The BBC's new Dracula is fun, camp and takes a few risks with Stoker's well-known Gothic tale

If recent events in the Middle East are anything to go by, 2020 will be another year of chaos and disorder around the world, so what better way to welcome in the new decade than with lashings of blood and gore, with a side of camp?

By Phil Cunnington
Friday, 3rd January 2020, 5:00 pm
Claes Bang plays Dracula in a new BBC adaptation. Picture: BBC/Hartswood Films/Netflix/Robert Viglasky
Claes Bang plays Dracula in a new BBC adaptation. Picture: BBC/Hartswood Films/Netflix/Robert Viglasky

Dracula (BBC1, Weds-Fri, 9pm) is an epic adaptation of Bram Stoker’s perennially popular Gothic horror. Written by Steven Moffat and Mark Gatiss, there are many nods to shows these two have been involved with before, from Doctor Who to Sherlock.

This Dracula, however, was a tribute to Hammer Horror, and Christopher Lee. There were turrets and towers, spooky coachmen, howling wolves and a saturnine Dracula (Danish actor Claes Bang), who was more camply creepy uncle than seductive bloodsucker.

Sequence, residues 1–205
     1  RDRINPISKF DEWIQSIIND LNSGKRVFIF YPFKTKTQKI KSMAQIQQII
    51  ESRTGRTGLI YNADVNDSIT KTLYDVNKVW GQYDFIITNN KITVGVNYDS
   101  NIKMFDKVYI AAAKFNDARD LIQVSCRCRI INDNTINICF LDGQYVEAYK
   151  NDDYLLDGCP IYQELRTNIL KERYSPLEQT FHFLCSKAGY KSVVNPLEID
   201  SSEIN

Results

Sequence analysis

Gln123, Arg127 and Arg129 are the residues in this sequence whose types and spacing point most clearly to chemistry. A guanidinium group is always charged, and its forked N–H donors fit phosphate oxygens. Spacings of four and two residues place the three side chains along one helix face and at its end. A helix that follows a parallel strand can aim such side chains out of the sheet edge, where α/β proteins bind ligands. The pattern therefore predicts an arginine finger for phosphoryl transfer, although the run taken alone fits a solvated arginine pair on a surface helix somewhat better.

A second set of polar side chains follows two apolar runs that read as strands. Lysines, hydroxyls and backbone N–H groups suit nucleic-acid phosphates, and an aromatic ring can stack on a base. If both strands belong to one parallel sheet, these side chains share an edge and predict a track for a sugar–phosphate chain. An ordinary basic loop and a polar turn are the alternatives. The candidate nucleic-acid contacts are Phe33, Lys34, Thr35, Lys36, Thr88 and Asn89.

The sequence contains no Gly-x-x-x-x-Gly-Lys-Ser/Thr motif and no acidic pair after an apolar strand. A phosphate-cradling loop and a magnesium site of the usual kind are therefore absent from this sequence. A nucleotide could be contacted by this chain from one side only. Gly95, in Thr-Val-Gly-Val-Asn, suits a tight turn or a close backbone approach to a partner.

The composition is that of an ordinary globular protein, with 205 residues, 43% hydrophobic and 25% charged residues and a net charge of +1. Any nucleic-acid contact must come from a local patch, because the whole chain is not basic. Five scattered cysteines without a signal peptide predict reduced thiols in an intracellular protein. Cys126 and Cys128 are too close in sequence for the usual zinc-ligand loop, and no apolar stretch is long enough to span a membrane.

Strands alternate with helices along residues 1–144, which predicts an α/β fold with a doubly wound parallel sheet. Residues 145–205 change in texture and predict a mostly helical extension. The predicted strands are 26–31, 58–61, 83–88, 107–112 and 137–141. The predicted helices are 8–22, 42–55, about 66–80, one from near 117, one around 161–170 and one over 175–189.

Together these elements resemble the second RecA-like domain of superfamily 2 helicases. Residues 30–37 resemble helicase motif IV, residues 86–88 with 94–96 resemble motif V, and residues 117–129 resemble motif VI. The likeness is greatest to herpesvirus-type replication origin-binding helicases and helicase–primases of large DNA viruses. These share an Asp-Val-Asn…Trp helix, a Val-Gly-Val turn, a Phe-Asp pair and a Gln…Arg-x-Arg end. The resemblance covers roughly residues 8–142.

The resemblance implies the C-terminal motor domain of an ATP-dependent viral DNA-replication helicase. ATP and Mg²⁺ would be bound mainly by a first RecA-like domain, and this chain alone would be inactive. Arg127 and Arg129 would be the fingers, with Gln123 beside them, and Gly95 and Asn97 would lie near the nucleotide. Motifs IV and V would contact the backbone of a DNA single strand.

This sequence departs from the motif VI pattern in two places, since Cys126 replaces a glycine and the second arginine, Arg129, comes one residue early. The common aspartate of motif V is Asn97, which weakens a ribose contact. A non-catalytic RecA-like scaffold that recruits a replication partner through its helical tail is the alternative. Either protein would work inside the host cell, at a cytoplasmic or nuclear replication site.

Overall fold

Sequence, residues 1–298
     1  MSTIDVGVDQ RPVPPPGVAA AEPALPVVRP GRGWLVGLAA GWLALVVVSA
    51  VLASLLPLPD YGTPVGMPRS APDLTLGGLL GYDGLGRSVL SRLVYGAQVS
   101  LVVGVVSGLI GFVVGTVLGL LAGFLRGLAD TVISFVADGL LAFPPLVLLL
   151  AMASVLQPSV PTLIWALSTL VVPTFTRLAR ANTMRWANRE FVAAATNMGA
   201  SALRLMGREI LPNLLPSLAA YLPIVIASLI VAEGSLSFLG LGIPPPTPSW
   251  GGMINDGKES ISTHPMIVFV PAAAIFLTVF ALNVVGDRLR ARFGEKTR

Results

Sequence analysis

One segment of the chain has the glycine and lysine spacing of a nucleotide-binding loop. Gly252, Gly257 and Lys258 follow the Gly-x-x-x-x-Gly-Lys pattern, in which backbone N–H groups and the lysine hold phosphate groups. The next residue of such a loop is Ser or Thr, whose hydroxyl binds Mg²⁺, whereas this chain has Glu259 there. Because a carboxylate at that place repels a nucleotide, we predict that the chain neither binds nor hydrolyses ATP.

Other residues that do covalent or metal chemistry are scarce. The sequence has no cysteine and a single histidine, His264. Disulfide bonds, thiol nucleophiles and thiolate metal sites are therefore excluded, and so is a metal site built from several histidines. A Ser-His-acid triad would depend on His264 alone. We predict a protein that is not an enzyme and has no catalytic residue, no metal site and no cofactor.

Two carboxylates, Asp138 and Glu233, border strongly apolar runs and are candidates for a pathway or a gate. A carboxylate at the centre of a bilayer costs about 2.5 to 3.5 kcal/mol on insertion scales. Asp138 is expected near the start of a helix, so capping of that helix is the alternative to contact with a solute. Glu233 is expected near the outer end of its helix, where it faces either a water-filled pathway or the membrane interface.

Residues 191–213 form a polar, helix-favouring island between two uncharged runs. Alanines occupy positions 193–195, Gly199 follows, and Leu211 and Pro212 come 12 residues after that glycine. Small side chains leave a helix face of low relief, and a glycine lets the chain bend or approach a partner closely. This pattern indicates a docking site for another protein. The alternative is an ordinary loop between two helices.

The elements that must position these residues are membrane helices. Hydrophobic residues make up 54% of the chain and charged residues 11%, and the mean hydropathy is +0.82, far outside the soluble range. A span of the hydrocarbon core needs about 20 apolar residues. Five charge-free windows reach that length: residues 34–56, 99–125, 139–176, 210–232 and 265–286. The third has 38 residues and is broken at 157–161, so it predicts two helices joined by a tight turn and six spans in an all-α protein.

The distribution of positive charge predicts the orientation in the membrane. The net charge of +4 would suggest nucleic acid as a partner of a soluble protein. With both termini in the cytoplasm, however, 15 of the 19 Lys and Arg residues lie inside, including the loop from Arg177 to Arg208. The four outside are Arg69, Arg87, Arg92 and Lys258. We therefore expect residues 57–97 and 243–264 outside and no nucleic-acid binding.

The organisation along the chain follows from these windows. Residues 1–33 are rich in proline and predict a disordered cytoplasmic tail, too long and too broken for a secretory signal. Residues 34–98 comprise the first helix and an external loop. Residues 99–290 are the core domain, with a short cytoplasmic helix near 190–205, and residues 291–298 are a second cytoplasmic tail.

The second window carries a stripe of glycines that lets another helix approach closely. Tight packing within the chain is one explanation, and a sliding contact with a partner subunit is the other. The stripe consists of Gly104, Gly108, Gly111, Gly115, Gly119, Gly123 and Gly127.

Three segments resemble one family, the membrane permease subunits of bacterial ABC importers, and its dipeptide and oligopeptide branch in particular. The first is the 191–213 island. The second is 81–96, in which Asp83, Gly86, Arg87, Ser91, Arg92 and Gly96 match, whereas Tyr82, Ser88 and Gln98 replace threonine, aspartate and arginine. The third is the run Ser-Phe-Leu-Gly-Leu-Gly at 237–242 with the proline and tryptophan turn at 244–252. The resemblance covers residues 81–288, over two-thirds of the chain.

So if Dracula was Sherlock, all too-clever-by-half with a nice line in witty ripostes – “You’re a monster,” Dracula’s guest Harker tells him. “You’re a lawyer, nobody’s perfect,” retorts the Count – his Watson was Sister Agatha (Dolly Wells).

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Agatha is the rationalist, a nun searching for a reason to believe in God in the face of evil, with just as good an armoury of barbs. The problem is, she is a more appealing character than the Count, and spin-off series featuring her should be a smash-hit.

It’s all great fun, and if it takes liberties with the original, why shouldn’t it? We’ve seen countless versions of this story, so why retread the same blood-soaked path?

You do that, it becomes parody, a sign of either not enjoying or not understanding the source. This version respects the original, the repressed sexuality, the fear of contagion, questioning faith, while taking some risks. And Gatiss and Moffat should be applauded for that.

Doctor Who (BBC1, Weds, 6.55pm) returned with a Bond-themed episode. While it was all a bit rushing around talking breathlessly, it was a lot of fun and looked a whole lot better than previous series.

Best sight on TV this week? Christopher Eccleston bleeding radiators in A Year in the Life of a Year (BBC2, Weds, 11pm), a spoof review of 2019. Every bit of this half-hour was crammed with laughs.